Of course, each person is different and has his or her preferences, tastes, projects, objects of desire and images of the future. The object that for one person has a very high value (and, therefore, that person suffers a great tension for it, either out of desire to have it or out of fear of its loss) for another person may have no importance at all, so that he or she will feel hardly any tension for it. The intensity of some tensions is merely a reflection of the intensity of the desire behind certain objects. Ambitions for which some would give their lives are seen as ridiculous by others. Such is human diversity and misunderstanding, the source of so many battles.

We could go on with a multitude of examples of all kinds of objects of desire, many of them totally illusory. In all cases we would discover the same thing: desires and fears that generate tension. And when this tension is excessive, when it goes beyond certain limits, it can end up generating all kinds of violence. The mechanism of possession and the excessive tensions that are created not only produce physical violence against other people, but also psychological violence, sexual or gender violence (due to desires or fears that one wants to impose on the partner), economic violence against others (due to the excessive desire for wealth), racial violence (due to fear of the other) or moral violence (due to the imposition of beliefs, norms or ideas on others).

That is how simple the mechanism of possession is.

A very physical tension that is based on desire and fear, and that is always at work at the base of all our mechanisms of consciousness. Everything we do and everything we encounter in our lives falls into the realm of possession. Everything that passes under our noses is automatically appraised and measured to see if it fulfils our myriad desires or avoids our fears. It is a job that the conscience does all the time and automatically, without being asked to do so. And when this possessive impulse is excessive, it produces all kinds of conflicts and violence.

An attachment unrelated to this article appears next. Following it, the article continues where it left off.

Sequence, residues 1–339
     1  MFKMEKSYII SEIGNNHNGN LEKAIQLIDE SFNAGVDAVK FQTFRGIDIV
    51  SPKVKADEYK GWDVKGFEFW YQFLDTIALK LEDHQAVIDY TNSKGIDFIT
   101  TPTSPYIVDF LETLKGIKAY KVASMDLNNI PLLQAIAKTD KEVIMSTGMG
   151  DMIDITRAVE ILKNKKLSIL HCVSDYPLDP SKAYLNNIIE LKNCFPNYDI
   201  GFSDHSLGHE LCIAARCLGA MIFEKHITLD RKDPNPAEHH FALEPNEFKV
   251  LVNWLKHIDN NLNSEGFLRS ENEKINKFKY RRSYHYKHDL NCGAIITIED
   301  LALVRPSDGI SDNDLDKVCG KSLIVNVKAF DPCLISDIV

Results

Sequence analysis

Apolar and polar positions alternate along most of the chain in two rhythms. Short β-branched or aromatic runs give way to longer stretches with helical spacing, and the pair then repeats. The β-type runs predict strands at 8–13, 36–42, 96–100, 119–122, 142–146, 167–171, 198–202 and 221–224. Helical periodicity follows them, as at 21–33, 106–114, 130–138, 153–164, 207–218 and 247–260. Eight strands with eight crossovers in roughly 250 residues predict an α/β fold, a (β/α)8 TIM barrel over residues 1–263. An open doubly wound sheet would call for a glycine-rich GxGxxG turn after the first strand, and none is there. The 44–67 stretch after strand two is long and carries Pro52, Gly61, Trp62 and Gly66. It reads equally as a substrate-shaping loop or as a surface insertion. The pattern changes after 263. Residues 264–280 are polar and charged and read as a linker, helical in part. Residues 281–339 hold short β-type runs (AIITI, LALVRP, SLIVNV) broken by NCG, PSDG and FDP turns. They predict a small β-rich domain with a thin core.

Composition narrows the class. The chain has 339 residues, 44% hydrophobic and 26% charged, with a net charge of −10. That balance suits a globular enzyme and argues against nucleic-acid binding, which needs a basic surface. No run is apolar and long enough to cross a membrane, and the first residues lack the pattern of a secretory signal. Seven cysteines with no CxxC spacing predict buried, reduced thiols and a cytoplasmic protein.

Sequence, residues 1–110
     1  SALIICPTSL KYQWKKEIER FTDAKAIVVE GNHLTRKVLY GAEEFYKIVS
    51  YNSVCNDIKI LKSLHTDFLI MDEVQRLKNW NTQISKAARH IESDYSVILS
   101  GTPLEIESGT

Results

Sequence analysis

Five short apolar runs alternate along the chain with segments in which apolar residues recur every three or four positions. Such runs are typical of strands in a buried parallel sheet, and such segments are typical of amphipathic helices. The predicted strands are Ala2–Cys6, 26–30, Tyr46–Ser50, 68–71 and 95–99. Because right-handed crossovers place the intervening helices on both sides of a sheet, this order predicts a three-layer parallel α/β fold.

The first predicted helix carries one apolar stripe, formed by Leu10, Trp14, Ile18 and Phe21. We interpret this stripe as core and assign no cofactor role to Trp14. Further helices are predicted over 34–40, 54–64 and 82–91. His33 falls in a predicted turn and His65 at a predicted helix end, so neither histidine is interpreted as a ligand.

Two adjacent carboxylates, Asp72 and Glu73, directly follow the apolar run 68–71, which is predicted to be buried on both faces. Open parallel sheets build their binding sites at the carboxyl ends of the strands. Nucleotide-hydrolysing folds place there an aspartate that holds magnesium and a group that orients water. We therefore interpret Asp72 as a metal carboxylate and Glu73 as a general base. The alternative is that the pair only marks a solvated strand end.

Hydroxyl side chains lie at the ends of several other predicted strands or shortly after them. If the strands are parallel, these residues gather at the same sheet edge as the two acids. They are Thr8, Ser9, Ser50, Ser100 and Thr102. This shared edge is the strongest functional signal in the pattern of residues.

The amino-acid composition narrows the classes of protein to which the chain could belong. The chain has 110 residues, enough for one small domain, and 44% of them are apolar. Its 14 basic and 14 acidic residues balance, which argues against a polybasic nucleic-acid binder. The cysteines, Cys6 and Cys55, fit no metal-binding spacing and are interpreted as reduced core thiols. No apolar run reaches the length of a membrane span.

What can be done then, if it is an inevitable mechanism?

First of all, understand how the mechanism works in each of us. What are our greatest objects of desire, our greatest fears and also everything that is less important to us, less stressful. Desires cannot be overcome because without them there would be no projects, no search, no activity, no evolution, no dynamics… in short, no life. But we can do something: “elevate desire”. What does it mean to raise desires? It means that instead of confronting or fighting against something inevitable like the mechanism of desire (see The Principles of Valid Action) we can harness the power of that impulse and give it a new direction (as in the martial arts), that is, that desires aim at higher, more interesting objects and goals. Desiring a new direction, a new meaning in our life that points towards coherence and treating others as we want to be treated, for example; or desiring a fairer and more humane world for all, for example. We set the intention and desire in a direction that goes beyond ourselves, beyond our immediate world and radiates out to others proposing a positive change of direction. In desiring such things, we know that such objects may not be achieved, but we also know that going that way in itself is already coherent regardless of the outcome. In this way, instead of fighting desires (which is impossible) we elevate them and put them to work for the best causes.